Thursday, 26 July 2012

The Kanban Coffee Shop

The principles of a Kanban, as defined in David Anderson’s Kanban, are:
  • Visualise work
  • Limit work in process
  • Measure and manage flow
  • Make process policies explicit
  • Use models to recognise improvement opportunities

Kanban barristas

A couple of weeks ago, our team found out how similar a Kanban software team can be to a coffee shop. The guys from Agility in Mind did a great exercise with us where we were suddenly morphed from a development team into a group of (comically terrible) barristas.
They set up stations around the room for:
  • Customer orders
  • Coffee shots
  • Milk/foam
With a few constraints in place, we were then set to work on creating a flow for customer orders. Feedback from our coaches was that it was an incredibly painful thing to watch.  

In the first round, orders came in very fast, which rapidly overwhelmed the coffee shot station, creating a backlog. By the time the orders got to the "customer", 75% of them were wrong!

Rather than listening to the customer (who was literally standing in the corner calling out "Hellllooo??"), we instead gathered together to see how we could improve.

We added Quality Assurance as the final step in the process, and we flowed a bit more smoothly the second time around. Again, we ignored the customer's entreaties.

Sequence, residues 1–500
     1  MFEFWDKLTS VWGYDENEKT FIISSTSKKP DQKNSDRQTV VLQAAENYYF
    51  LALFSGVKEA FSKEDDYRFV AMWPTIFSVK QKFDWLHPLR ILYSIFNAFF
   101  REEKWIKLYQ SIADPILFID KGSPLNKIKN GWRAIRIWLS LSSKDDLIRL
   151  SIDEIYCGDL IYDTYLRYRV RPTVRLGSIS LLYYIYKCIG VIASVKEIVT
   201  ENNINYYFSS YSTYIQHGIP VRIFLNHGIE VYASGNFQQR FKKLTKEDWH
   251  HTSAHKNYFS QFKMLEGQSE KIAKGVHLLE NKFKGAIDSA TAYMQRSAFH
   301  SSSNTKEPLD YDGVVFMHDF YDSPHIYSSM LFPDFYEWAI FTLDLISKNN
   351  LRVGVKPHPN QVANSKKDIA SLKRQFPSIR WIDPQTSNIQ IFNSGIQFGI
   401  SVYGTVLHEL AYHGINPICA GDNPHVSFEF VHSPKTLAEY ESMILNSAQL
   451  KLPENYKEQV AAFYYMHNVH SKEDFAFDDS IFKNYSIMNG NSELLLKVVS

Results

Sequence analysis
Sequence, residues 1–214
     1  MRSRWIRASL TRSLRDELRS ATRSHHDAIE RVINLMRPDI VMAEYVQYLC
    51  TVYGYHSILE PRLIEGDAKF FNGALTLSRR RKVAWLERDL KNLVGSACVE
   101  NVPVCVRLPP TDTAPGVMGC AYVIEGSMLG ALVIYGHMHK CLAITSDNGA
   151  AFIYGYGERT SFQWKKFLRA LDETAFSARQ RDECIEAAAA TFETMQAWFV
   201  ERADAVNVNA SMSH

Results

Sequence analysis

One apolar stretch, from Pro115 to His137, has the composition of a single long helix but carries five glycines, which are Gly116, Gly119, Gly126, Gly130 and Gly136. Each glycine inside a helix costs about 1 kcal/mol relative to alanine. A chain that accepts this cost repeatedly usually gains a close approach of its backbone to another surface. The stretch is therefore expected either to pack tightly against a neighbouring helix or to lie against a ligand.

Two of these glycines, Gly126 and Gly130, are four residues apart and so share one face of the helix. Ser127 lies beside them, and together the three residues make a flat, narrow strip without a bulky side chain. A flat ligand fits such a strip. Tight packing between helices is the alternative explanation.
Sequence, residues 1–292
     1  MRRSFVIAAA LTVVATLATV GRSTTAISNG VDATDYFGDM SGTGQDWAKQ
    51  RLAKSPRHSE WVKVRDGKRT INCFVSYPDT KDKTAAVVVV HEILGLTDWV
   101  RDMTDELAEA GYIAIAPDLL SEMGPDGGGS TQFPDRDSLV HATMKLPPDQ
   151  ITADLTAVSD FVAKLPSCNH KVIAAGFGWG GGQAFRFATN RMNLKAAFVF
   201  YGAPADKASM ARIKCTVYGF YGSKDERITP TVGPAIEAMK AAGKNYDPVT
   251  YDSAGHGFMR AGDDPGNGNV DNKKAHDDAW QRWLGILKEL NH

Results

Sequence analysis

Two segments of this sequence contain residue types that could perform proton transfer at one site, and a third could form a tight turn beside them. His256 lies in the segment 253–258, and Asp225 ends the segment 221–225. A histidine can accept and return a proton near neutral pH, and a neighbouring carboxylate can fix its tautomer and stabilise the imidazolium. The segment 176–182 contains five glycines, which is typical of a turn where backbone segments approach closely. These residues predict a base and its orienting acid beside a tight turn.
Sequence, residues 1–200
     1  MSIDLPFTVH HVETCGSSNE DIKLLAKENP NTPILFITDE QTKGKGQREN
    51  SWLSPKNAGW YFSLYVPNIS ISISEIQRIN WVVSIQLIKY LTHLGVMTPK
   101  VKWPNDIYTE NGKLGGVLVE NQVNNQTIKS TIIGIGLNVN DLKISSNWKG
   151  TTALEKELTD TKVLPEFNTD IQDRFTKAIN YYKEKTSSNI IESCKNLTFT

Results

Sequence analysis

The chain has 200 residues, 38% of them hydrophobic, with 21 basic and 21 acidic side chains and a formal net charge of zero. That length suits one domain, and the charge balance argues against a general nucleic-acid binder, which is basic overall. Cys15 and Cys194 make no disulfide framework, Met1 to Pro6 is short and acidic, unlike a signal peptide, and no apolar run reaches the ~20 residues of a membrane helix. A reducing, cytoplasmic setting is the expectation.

Finally, we gathered together and proposed a radical change: rather than handing the coffee cup from station to station, we would travel with the cup until it was complete. With this change, people went from specialists to very confused generalists, which resulted in the longest round of drinks with very poor quality for the customer. Epic fail!

Comparison of barrista work to software development

In the end, we learned a bit more about creating an efficient flow, as well as the major lesson of listening to our customer.

Ash Moran at Patchspace explains it well...

What happens from the coffee shop’s point of view is this:
  • You, the customer, arrive at the customer queue, and you do so randomly (at this point, you wait)
  • A barista takes your order, a list of random drinks – that is a batch of work to be done, of variable size, complexity and value
  • Your order goes in a queue (at this point, not only are you waiting, but so are the drinks)
  • One or more baristas make your drinks, that is, the batch of work gets processed (you’re still waiting)
  • A barista hands you your order, that is, the completed batch of work
Before we go on, just reflect how similar this is to software:
  • The client / business turns up with a “new idea”
  • The client describes some work they want you to do (which will be of variable size, complexity and value)
  • You put the request in your backlog
  • At some point, one or more developers become free and turn the request into working code (which will take a variable amount of time)
  • You deploy the software/deliver the code, etc
So if you can accept that an index card describing the new feature “View product listings by category” is more or less the same as an empty coffee cup waiting for a drink, the two processes become coherent.

What are your experiences with a shift from scrum to Kanban? Any ideas on how to create a more efficient flow of work?

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